Objective: To compare the knee-alignment angle from a full-limb radiograph (mechanical axis) with the anatomic-axis angle as measured by physical examination using a goniometer and by 2 other radiographic methods.
Methods: The knee-alignment angle was measured in 114 knees of 57 subjects who had radiographic osteoarthritis (OA), with a Kellgren/Lawrence grade of >/=1 in at least one knee. The mechanical axis was defined as the angle formed by the intersection of 2 lines, one from the center of the head of the femur to the center of the tibial spines, and a second from the center of the talus to the center of the tibial spines. The anatomic axis was defined as the angle formed by 2 lines, each originating from a point bisecting the femur and tibia and converging at the center of the tibial spine tips. The anatomic-axis angle was measured by 3 methods: 1) physical examination using a goniometer, 2) a posteroanterior (PA) fixed-flexion knee radiograph (anatomic(PA) axis), and 3) an anteroposterior (AP) full-limb radiograph (anatomic(AP) axis).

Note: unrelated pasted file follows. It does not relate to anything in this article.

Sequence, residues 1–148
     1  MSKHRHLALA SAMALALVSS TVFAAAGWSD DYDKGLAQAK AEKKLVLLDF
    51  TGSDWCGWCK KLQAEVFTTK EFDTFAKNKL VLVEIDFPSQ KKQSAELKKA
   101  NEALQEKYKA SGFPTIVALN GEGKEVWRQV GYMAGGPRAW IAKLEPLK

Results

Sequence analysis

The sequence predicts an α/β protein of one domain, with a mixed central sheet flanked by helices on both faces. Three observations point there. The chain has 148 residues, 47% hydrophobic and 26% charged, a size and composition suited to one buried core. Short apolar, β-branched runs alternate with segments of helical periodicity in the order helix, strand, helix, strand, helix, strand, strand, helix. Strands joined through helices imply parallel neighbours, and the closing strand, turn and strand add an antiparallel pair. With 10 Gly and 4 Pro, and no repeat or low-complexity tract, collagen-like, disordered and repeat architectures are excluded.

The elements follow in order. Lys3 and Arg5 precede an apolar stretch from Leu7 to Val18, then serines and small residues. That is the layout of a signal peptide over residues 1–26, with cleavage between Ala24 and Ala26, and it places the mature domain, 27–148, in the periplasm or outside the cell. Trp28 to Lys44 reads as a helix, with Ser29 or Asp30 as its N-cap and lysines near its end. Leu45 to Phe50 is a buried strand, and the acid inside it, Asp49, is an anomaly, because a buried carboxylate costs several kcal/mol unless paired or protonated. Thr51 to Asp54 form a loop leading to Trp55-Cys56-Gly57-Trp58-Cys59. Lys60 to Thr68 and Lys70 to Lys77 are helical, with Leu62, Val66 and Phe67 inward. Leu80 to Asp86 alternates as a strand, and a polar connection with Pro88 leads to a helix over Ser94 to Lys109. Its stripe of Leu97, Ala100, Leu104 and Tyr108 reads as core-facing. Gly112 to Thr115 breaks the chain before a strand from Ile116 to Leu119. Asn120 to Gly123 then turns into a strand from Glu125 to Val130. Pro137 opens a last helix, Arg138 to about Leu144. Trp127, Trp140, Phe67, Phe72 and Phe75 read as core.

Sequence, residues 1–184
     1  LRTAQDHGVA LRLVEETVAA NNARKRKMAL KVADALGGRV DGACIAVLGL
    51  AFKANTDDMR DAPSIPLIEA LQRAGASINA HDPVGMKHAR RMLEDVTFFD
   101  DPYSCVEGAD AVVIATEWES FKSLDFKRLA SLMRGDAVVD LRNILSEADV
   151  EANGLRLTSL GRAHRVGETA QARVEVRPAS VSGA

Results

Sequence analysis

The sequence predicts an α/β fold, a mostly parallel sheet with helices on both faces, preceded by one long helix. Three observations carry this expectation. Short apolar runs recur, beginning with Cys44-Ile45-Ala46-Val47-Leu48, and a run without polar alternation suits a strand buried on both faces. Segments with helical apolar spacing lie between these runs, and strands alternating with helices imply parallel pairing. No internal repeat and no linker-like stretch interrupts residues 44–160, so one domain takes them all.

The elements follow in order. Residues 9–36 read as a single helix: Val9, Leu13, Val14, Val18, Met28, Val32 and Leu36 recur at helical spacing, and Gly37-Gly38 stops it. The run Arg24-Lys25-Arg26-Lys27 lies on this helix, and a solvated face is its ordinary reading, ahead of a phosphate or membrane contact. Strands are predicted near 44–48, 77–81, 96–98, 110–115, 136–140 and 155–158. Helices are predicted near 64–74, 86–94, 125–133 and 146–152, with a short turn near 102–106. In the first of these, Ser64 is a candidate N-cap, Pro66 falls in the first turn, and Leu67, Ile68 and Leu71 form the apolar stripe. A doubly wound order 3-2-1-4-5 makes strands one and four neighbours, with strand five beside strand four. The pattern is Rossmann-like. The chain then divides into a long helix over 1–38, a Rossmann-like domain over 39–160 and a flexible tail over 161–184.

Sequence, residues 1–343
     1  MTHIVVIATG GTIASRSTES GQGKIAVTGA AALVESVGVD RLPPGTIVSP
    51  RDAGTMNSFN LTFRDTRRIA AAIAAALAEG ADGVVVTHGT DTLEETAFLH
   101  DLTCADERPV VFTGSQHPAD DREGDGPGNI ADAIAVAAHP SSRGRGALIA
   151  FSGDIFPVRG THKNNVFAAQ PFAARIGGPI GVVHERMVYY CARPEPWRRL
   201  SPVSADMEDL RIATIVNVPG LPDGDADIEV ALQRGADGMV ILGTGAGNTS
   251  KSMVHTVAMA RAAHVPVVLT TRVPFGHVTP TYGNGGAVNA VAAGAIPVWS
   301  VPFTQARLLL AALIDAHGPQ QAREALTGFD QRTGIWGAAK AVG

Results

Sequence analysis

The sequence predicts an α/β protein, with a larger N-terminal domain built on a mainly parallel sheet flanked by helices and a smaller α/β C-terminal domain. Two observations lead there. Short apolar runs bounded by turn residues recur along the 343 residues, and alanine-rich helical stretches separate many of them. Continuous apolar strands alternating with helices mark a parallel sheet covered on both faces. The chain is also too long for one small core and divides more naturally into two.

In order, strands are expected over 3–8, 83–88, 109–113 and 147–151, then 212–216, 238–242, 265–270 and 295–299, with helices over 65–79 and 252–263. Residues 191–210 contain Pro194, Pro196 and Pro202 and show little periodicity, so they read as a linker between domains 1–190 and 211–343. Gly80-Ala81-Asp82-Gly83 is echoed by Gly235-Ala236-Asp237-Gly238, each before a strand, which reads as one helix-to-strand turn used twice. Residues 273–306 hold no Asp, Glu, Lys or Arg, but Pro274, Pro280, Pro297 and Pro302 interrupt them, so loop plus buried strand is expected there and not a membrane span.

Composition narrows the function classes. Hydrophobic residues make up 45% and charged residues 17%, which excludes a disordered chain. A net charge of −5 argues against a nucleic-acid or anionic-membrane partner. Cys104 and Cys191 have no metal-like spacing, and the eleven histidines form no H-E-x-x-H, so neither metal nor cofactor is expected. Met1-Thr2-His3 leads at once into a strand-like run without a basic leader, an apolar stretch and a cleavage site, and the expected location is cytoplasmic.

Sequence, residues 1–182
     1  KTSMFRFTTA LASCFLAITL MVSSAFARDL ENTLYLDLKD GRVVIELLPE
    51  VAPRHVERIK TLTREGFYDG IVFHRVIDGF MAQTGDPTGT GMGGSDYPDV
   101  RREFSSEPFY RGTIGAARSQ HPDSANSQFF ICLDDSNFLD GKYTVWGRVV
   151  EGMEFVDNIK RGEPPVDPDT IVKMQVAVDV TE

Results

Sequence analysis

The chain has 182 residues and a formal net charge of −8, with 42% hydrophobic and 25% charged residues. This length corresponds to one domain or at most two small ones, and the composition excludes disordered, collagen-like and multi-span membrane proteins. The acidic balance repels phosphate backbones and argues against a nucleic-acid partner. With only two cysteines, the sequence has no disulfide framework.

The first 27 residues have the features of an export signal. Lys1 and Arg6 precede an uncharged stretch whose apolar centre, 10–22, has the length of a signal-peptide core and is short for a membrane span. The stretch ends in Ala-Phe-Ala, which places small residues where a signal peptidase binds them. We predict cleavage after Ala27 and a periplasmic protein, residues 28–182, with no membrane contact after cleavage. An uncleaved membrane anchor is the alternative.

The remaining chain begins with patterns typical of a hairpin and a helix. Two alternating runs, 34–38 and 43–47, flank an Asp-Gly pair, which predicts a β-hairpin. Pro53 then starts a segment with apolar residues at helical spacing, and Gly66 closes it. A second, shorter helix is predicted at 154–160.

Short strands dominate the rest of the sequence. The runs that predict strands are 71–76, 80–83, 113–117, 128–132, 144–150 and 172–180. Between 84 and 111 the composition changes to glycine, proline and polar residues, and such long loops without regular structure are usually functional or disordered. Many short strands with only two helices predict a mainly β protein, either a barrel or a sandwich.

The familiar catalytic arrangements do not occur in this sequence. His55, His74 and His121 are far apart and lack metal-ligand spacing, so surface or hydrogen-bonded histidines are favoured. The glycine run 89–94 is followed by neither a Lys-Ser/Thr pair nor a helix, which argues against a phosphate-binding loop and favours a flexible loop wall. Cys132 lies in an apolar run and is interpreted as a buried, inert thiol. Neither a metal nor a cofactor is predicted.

Results: Significant correlations were found between the mechanical-axis angle and the anatomic-axis angle measured by each of the 3 methods: by goniometer (r = 0.70, P < 0.0001), by anatomic(PA) axis (r = 0.75, P < 0.0001), and by anatomic(AP) axis (r = 0.65, P < 0.0001). The anatomic axis was offset a mean 4.21 degrees valgus from the mechanical axis (3.5 degrees in women, 6.4 degrees in men), which was consistent across all methods.
Conclusion: Knee alignment assessed clinically by goniometer or measured on a knee radiograph is correlated with the angle measured on the more cumbersome and costly full-limb radiograph. These alternative measures have the potential to provide useful information regarding the risk of progression of knee OA when a full-limb radiograph is not available.